Background: We previously showed that glycated albumin (GA) is a useful glycemic control indicator in patients with neonatal diabetes mellitus (NDM), and that age-adjusted GA (Aa-GA) can reflect more accurately glycemic control status. Here, we investigated whether the age at diagnosis influences Aa-GA at diagnosis of NDM.
Methods: Eight patients with NDM whose GA was measured at diagnosis (age at diagnosis: 39 ± 18 days; GA: 31.3 ± 7.6%; Aa-GA: 47.1 ± 10.3%; plasma glucose: 525 ± 194 mg/dl) were included. Aa-GA was calculated as follows: Aa-GA = GA × 14.0/[1.77 × log-age (days) + 6.65]. Correlations of GA or Aa-GA at diagnosis with its logarithmically transformed age in days (log-age), plasma glucose, and their product were investigated.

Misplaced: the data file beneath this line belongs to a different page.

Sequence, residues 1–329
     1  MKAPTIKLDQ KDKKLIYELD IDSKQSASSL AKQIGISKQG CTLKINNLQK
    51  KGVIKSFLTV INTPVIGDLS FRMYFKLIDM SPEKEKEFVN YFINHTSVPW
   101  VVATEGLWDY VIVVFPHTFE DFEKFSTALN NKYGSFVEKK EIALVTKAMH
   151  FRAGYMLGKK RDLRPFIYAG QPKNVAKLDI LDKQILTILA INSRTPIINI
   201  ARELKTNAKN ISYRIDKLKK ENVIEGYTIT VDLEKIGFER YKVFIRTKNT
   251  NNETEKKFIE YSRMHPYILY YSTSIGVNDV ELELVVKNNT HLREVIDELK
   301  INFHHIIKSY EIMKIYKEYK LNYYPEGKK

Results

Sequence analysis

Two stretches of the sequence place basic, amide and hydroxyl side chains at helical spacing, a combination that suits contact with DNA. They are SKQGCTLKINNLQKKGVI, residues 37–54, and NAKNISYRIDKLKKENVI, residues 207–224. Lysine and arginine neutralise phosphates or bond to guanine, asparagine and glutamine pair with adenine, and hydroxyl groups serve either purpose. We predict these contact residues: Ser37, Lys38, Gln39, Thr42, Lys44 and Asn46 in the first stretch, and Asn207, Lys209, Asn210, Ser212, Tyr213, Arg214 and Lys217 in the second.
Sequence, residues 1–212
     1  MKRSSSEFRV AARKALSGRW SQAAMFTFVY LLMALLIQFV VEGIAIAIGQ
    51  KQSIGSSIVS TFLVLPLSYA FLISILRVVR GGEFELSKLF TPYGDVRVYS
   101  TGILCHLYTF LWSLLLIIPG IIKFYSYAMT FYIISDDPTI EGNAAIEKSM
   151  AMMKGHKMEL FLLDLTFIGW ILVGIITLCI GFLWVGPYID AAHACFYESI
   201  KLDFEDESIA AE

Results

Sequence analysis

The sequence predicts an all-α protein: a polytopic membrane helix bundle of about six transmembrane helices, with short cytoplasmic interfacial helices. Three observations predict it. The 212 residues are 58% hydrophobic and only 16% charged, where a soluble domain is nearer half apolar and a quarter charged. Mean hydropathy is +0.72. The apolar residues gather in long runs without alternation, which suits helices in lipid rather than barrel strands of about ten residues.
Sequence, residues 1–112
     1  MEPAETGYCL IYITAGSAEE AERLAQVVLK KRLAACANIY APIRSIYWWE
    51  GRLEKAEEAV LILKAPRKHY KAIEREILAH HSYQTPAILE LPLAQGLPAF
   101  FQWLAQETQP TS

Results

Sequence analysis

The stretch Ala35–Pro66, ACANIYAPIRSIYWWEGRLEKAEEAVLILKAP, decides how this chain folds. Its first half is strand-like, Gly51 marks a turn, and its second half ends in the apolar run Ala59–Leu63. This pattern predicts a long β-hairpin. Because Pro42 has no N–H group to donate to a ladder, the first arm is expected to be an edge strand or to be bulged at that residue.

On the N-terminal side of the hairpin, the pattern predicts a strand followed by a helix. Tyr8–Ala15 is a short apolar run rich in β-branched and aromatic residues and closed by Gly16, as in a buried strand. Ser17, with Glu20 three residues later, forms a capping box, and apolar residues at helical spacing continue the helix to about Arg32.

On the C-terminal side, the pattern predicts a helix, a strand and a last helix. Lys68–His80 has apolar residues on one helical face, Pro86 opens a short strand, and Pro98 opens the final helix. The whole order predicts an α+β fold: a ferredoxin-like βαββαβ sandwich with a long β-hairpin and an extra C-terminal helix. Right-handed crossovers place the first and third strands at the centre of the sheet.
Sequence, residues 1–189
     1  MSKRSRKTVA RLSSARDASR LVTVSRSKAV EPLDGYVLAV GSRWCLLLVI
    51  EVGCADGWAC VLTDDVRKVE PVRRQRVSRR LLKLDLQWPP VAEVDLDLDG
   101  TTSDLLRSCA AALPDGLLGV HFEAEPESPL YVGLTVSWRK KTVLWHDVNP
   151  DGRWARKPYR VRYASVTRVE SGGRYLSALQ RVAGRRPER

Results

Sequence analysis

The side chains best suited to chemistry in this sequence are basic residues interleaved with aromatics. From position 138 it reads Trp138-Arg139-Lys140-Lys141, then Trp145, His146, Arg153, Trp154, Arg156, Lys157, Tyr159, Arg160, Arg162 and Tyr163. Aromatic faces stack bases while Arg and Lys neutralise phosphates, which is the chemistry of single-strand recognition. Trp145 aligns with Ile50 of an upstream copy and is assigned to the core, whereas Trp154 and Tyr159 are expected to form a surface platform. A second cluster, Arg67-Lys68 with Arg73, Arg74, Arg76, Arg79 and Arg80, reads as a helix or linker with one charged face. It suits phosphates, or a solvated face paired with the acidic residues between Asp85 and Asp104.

Results: GA at diagnosis was not significantly correlated with log-age or plasma glucose. On the other hand, Aa-GA at diagnosis was significantly positively correlated with plasma glucose (R = 0.75, P = 0.031) and was more strongly positively correlated with the product of plasma glucose and log-age (R = 0.82, P = 0.012) although it was not correlated with log-age.
Conclusion: Aa-GA at diagnosis is influenced by both age in days and plasma glucose. This finding is likely to show the aspect that age in days is almost equal to diabetes duration because glycemic control indicators including GA reflect the weighted mean of plasma glucose.
Keywords: diabetes duration; glycated albumin; neonatal diabetes mellitus; plasma glucose.
© 2016 Wiley Periodicals, Inc.